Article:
So Fender.com posted a press release. It is the official announcement concerning Fender Musical Instruments Corp (FMIC) buying out the Bigsby brand. Bigsby has been a big name in the Guitar business for decades. They are renowned for their Bigsby Vibrato. The Bigsby Vibrato System has been considered an upgrade for any guitar lucky enough to have it. I recently restored a Bigsby equipped Gretsch guitar that needed a lot of TLC. Without that Bigsby, the guitar would not have been worth restoring. It was only after I finished the restoration that I truly appreciated the timeless quality of the Bigsby Vibrato. It is truly the perfect combination of guitar style and guitar functionality. In fact that bigsby grew on me so much that I’m now quite a big fan. I’m even considering adding one to my G&L ASAT. You can expect to pay $100 or more for the Bigsby upgrade, and thats if you are going to install the upgrade yourself. Even the knockoffs are expensive these days. That should tell you something about the quality products behind the Bigsby name. Here is what Fender had to say in Fender’s Official Press Release: “We are excited to acquire Bigsby® and add to our esteemed portfolio of specialty brands.” said Jeff Cary, Senior Vice President of FMIC Specialty Brands. “There is such a rich history with the vibratos, and a mystique around the guitars, pedals and steel instruments that is fascinating. Fred and Dinah Gretsch have been wonderful owners and we look forward to working with them to ensure a smooth transition.” It seems like the companies are happy with the arrangement. Here is what Fred Gretsch had to say from Fender’s Official Press Release: “Paul Bigsby, Ted McCarty, Dinah and Fred Gretsch and Fender Musical Instruments Corp. all have one thing in common, an unquestioning dedication to product excellence over the long haul,” said Fred Gretsch. “We congratulate team Fender on this strategic acquisition.” For more information check out the official press release from Fender: Fender’s Press Release Sincerely, The Axe Dr.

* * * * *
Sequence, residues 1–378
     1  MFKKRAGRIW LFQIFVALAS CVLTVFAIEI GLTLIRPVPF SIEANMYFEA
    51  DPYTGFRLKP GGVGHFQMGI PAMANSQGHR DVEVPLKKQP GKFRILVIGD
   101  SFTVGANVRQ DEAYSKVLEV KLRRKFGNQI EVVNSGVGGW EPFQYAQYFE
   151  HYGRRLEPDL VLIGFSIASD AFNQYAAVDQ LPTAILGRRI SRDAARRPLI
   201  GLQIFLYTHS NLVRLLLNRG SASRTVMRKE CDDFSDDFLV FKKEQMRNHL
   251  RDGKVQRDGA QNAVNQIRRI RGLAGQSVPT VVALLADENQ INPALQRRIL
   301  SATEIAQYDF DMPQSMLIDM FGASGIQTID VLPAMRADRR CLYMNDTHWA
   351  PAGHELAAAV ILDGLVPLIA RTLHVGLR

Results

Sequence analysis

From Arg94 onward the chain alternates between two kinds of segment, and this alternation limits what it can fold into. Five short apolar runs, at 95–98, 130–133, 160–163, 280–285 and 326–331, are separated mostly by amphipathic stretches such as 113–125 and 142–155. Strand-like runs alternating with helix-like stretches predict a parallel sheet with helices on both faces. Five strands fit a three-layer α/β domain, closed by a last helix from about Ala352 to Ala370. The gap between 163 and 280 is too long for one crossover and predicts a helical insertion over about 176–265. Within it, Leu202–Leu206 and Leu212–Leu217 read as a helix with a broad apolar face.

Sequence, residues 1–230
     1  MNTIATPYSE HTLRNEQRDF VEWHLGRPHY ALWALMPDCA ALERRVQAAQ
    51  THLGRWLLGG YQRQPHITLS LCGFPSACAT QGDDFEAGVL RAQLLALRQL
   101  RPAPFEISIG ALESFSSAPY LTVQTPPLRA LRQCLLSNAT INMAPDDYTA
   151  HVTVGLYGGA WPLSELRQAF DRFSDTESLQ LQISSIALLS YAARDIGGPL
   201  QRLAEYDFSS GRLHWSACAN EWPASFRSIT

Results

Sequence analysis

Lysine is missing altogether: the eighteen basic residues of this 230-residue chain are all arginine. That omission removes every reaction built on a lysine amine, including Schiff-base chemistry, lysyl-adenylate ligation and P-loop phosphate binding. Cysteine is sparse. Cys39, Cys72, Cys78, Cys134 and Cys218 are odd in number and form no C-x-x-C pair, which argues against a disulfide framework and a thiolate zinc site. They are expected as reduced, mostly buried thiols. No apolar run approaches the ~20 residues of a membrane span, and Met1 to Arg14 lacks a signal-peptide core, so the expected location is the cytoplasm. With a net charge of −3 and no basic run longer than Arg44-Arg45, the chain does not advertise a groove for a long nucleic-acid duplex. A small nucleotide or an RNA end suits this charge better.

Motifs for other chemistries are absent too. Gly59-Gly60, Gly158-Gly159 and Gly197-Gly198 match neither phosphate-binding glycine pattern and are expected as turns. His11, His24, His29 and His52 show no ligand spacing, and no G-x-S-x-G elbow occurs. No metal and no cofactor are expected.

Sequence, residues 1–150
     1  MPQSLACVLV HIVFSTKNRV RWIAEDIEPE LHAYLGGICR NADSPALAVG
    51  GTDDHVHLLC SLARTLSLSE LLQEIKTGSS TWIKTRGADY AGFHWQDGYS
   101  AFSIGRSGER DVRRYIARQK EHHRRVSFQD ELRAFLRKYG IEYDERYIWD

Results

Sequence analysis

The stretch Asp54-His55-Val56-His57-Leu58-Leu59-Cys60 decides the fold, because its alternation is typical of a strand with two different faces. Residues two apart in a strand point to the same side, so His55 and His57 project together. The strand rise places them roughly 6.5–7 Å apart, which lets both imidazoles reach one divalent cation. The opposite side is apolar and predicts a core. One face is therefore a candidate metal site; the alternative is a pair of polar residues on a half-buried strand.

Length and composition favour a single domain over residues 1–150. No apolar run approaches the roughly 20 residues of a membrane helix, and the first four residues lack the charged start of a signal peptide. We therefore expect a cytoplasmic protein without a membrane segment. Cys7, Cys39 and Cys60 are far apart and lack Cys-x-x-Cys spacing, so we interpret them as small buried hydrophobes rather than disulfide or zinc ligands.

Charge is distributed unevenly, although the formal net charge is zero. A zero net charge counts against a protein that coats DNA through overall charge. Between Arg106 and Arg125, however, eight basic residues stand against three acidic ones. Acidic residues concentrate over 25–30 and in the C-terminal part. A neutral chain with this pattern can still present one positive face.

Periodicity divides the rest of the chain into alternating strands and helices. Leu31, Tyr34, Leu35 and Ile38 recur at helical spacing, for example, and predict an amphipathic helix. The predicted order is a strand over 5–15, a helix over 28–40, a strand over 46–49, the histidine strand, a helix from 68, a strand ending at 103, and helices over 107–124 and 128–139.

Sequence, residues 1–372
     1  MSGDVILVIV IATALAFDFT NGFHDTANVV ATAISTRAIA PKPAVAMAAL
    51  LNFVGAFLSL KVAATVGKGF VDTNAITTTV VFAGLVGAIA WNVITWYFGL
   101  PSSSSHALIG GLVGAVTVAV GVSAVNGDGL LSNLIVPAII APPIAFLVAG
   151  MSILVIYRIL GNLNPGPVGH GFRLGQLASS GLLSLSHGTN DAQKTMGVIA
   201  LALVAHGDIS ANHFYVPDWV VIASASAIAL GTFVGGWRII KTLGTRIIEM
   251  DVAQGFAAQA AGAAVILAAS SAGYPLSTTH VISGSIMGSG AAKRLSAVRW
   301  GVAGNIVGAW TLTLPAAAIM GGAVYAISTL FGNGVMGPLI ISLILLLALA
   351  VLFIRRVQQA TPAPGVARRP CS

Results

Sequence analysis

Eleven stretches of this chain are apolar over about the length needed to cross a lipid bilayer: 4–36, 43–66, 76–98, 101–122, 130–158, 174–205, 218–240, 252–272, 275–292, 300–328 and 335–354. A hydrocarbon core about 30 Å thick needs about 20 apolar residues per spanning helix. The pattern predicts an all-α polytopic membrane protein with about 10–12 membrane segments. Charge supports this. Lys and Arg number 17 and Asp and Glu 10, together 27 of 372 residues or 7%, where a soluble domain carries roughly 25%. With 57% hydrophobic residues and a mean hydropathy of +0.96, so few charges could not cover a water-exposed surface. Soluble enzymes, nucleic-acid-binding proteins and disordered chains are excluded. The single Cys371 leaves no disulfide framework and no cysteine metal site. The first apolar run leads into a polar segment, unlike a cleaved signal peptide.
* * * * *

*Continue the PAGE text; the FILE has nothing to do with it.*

Here is a cool DIY Guitar Mod any guitar owner can handle. It’s called a “Kill Switch”. Normally a kill switch is reserved for use on engines or machines. Something like a drag car or a chainsaw is where you would normally find them. Ex: A drag car could use a kill switch to cut power to the fuel pump in case of disasters/wrecks. It helps ensure that a fire won’t start in a wreck. Guitarists borrowed this idea and applied it to the guitar’s signal path. The Kill Switch basically cuts off the guitar’s signal by rerouting it to ground. It can be used as a cool guitar effect, or more simply as a means to mute your guitar when you aren’t playing. This quick video shows how you can add one to your axe. Enjoy. Sincerely, The Axe Dr. John 5 Kill Switch Tricks
This is the workhorse of my rig. For quite a while I used it with the 4 Cable Method into my Fender Rock Pro 1000 100 watt and 4×12 Speaker Cab. It worked well, and it did its job. The downside was that it was LOUD. It was hard to tame that beast. Thats when I decided to try the direct out to a powered monitor method.